We know Gulfstream doesn’t speak for the entire aviation industry, but it’s definitely good to see a major player like this making such a tremendous investment in the future of air travel. Here’s hoping it’s just the beginning of a beautiful turnaround.

[Via Twitter (@mksteele)]

Cathay Pacific Freezes Recruiting Because of Low Demand

Hong Kong-based Cathay Pacific has always been one of the world’s top airlines. But the ever-lower demand for air travel has touched them as it has every other airline. An article in an internal publication distributed to Cathay’s employees two weeks ago announced that there will be a company-wide recruiting freeze. No layoffs yet, but the hiring stoppage will include Cathay’s subsidiary, Dragonair. The freeze was confirmed today.

That means no fresh faces in an airline that is famous for its top-notch service (and leggy, poised flight attendants). Exec Tony Tyler remains optimistic that the industry, and Cathay, will return to their old ways in short order. ”I remain unashamedly optimistic about the future of aviation in Asia – just think of the potential in China and India alone.”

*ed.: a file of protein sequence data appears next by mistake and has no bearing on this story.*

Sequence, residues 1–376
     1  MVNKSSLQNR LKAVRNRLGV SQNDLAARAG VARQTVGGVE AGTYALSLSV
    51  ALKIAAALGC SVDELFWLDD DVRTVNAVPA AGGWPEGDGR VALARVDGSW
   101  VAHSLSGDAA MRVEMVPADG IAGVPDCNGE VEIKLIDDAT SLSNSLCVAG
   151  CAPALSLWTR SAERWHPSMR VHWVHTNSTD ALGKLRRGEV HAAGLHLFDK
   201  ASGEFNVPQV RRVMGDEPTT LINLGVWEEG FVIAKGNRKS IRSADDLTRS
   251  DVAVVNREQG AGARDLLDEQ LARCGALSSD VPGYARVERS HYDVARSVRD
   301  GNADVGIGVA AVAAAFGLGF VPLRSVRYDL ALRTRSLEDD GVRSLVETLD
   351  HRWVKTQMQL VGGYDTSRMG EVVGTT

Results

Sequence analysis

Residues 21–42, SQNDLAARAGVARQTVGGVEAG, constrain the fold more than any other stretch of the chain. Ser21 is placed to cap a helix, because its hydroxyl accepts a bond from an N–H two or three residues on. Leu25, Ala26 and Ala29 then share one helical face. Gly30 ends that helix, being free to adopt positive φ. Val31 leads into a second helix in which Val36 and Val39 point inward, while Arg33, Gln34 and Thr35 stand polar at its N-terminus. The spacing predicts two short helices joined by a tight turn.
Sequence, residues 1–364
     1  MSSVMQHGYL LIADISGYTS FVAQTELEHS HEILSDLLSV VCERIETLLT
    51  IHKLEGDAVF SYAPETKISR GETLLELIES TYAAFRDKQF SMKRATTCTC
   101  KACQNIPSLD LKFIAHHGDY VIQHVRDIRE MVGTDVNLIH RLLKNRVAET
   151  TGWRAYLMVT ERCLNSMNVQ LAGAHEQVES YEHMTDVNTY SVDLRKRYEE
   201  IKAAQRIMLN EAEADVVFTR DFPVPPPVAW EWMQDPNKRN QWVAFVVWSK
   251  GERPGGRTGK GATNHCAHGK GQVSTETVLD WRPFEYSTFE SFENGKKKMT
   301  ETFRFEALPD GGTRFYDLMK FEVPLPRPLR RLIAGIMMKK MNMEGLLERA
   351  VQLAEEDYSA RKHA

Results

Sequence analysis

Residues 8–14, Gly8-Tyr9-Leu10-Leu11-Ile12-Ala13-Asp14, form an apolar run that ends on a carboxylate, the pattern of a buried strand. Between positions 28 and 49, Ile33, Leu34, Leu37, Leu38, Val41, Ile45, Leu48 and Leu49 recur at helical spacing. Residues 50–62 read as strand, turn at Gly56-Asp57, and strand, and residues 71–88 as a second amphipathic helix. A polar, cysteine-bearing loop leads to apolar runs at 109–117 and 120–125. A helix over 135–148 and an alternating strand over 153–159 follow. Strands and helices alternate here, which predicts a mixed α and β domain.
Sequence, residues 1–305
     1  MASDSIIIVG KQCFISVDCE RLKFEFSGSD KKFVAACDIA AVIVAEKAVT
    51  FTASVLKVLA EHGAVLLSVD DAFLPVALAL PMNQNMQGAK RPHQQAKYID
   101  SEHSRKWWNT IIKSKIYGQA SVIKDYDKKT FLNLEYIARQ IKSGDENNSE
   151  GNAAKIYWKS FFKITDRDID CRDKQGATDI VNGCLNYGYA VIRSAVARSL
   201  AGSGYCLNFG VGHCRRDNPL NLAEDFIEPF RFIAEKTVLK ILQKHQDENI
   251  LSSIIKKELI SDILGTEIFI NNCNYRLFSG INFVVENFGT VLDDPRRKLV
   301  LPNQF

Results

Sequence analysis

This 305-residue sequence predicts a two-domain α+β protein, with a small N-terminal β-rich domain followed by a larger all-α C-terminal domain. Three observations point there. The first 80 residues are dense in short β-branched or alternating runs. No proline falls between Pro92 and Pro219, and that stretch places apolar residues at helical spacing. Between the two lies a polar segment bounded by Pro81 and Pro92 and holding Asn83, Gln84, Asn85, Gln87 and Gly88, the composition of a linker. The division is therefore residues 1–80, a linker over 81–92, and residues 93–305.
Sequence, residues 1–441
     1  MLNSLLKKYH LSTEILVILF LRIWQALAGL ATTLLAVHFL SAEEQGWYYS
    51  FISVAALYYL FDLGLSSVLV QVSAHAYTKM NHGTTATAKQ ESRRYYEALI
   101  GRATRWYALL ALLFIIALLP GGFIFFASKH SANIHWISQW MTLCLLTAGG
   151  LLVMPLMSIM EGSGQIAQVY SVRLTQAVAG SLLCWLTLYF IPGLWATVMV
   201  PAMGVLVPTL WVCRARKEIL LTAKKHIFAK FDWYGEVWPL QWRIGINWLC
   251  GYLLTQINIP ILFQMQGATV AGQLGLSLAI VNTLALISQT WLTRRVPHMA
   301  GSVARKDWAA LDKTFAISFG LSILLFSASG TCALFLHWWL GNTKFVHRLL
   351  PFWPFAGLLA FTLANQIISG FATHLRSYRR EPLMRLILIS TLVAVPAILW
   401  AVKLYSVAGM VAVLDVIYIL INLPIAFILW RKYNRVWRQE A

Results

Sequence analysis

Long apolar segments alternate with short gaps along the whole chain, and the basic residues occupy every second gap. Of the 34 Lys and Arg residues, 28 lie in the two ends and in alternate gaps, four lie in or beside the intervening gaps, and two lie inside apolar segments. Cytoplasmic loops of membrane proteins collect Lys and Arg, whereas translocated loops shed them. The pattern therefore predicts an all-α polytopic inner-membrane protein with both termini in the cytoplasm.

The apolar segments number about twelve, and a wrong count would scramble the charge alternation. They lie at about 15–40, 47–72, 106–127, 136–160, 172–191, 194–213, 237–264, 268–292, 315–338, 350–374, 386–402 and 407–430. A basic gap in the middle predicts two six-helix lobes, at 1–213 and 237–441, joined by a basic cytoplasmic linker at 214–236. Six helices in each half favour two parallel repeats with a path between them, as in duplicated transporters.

Cathay, like the regions other major players, is straining on its leash, waiting to carve out its space in new, lucrative routes in China and on the subcontinent. They just have to make it through these slow times intact.

[Via The Standard HK]